by: Antonius Daril Otan Apelabi
Father Pawel Chodak, our experiment leader
The whole journey to Poland for Magis and WYD events was beyond my expectations. It was my first time to be a pilgrim and met the other youths from all over the world. When I decided to take part in Magis Poland, I had no idea what I would experience. I thought it would be hard and I felt a bit frightened, but at the same time, I was very excited. I was worried it would cost me a lot and I did not expect comfort or easy time. Bottom line, I expected the worse things to happen. In the end, as I reflected on the whole experiences, I realized that God had been listening and answering my prayers. All the fears and worries did not happen and I really thanked my God for the fruitful and wonderful experiences.
I went to Poland together with Magis Indonesia friends. My experiment – Social and Dialog Culture – was at Szczecin. Me and Bayu (Magis Yogya) stayed at Mrs. Irena’s place for a week. She had two children, a son and a daughter, around my age. But she lived alone and couldn’t speak a bit of English. At first it was hard for us to communicate but she was really kind and welcoming us. I really could feel her compassion toward us, stranger from the other world. She treated Bayu and I like her own sons. We could eat everything in her house. She cooked the Polish foods for us. She even offered to wash our clothes. She was willing to share things she had with us.
With Mrs. Irena, my host family in Szczecin
In Szczecin, I faced a different kind of Catholic traditions. I live in Indonesia, where Catholics are minority. It amazed me how Szczecin people hold the catholic traditions. For example, they confessed their sins regularly and wouldn’t receive the body of Christ whenever they feel unworthy. Meanwhile I only confess twice a year, on Christmas and Easter. These differences made me realize that I wasn’t really aware of the importance of practicing the Catholic traditions in daily life. I also learned that we had different kind of way on offering sign of peace. In Indonesia, we usually do the handshake, but the Polish hugs each other. It’s interesting to know that each of us has different kind of tradition but were united in faith. We came from different culture and nations yet when we had the mass together; we knew that God has united us. We speak different languages, yet we are all able to connect in prayer. We are all the children of God.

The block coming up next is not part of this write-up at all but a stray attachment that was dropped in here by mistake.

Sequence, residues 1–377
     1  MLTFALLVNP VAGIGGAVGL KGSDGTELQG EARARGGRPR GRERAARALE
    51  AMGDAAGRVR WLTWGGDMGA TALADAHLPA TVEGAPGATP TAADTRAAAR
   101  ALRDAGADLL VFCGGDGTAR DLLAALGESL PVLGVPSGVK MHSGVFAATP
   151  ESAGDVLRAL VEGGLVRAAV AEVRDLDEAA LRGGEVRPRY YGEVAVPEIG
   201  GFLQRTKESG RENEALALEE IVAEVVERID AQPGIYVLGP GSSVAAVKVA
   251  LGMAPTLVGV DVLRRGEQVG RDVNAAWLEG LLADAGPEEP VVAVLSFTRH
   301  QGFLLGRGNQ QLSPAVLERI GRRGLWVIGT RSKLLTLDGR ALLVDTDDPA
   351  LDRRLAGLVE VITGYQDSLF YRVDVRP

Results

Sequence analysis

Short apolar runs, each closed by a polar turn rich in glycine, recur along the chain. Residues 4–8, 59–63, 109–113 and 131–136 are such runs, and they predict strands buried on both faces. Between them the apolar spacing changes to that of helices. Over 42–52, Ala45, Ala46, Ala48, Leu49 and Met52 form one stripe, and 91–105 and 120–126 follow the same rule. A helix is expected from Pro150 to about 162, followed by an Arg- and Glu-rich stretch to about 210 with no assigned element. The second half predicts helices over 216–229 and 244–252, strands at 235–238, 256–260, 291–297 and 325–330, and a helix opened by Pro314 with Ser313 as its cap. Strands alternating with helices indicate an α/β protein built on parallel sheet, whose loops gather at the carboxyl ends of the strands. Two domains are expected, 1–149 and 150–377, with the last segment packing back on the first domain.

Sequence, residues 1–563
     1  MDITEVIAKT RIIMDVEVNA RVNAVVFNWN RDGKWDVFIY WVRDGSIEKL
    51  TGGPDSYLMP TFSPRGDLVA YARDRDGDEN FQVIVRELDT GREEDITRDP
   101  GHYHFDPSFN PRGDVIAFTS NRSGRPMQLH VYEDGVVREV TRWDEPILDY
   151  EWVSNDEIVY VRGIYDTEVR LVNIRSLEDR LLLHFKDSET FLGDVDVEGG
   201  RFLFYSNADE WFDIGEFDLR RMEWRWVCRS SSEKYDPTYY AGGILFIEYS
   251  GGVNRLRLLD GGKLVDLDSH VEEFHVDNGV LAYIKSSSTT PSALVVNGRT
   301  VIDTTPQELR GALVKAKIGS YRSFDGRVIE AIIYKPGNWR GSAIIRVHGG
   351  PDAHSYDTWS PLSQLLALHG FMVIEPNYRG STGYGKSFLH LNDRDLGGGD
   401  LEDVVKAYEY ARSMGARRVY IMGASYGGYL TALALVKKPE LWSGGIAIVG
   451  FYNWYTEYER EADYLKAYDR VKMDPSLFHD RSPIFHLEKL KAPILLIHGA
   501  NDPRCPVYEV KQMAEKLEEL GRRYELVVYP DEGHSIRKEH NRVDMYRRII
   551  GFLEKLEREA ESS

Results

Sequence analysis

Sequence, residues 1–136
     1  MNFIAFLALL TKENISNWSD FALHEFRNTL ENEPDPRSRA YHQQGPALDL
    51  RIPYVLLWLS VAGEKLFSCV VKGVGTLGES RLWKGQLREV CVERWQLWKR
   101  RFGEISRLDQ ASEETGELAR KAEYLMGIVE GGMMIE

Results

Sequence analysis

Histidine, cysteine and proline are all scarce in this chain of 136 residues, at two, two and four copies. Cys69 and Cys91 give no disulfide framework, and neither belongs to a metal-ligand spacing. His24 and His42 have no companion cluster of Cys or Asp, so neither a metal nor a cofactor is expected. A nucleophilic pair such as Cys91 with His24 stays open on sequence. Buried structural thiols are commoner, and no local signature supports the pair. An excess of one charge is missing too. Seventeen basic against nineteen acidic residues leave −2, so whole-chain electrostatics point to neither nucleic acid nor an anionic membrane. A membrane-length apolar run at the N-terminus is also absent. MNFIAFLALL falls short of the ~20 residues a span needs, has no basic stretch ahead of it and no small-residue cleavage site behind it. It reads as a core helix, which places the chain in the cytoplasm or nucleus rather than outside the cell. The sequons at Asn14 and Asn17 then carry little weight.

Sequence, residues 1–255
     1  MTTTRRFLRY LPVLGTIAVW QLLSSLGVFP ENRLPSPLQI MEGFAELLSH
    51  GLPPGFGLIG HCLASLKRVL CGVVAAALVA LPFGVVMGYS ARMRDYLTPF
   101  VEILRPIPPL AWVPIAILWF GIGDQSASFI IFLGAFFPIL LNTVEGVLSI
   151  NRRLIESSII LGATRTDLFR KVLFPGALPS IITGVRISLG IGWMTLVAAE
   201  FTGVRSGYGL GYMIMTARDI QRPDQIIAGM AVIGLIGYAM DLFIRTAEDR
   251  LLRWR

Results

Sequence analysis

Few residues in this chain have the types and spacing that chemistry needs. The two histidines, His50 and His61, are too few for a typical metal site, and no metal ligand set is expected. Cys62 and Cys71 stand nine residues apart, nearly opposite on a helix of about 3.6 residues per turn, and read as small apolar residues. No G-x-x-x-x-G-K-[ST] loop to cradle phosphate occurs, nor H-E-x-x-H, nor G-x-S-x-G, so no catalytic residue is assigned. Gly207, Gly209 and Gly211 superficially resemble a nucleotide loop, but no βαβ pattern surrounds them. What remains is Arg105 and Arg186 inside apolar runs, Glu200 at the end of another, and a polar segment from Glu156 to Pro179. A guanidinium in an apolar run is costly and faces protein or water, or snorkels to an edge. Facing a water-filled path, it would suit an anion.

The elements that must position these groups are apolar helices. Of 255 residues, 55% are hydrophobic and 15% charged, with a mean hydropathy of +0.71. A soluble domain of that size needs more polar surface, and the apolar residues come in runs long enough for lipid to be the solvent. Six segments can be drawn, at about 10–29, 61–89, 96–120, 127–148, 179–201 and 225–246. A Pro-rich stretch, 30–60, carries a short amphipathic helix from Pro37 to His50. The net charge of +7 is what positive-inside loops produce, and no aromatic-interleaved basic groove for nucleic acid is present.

After all the experiences in Poland, I realize how important it is to maintain the prayer time in daily life. I used to pray half-heartedly and only when I was in trouble or when I need God to do something for me. I tend to ask than to listen. Learning from the Polish and other youths from the other country, I would like to pray more wholeheartedly and try to do it more often. I realized prayer is the root of my faith.
The WYD themes itself – to Give and not to count the cost – had taught me a lot. I would like to implement it in my daily life. I would like to be able to give more wholeheartedly for the others. It is a reflection of my faith that God will always provide me beyond my expectations. Magis & WYD experiences had strengthened me to have more faith in God’s presence. I am thankful and grateful for that.
“Ask and it will be given to you, seek and you will get a knock and it will be opened to you” – Matthew 7:7.
Different countries, different languages, but one faith
Indonesian delegates in Magis Poland kick-off
Festival of Nations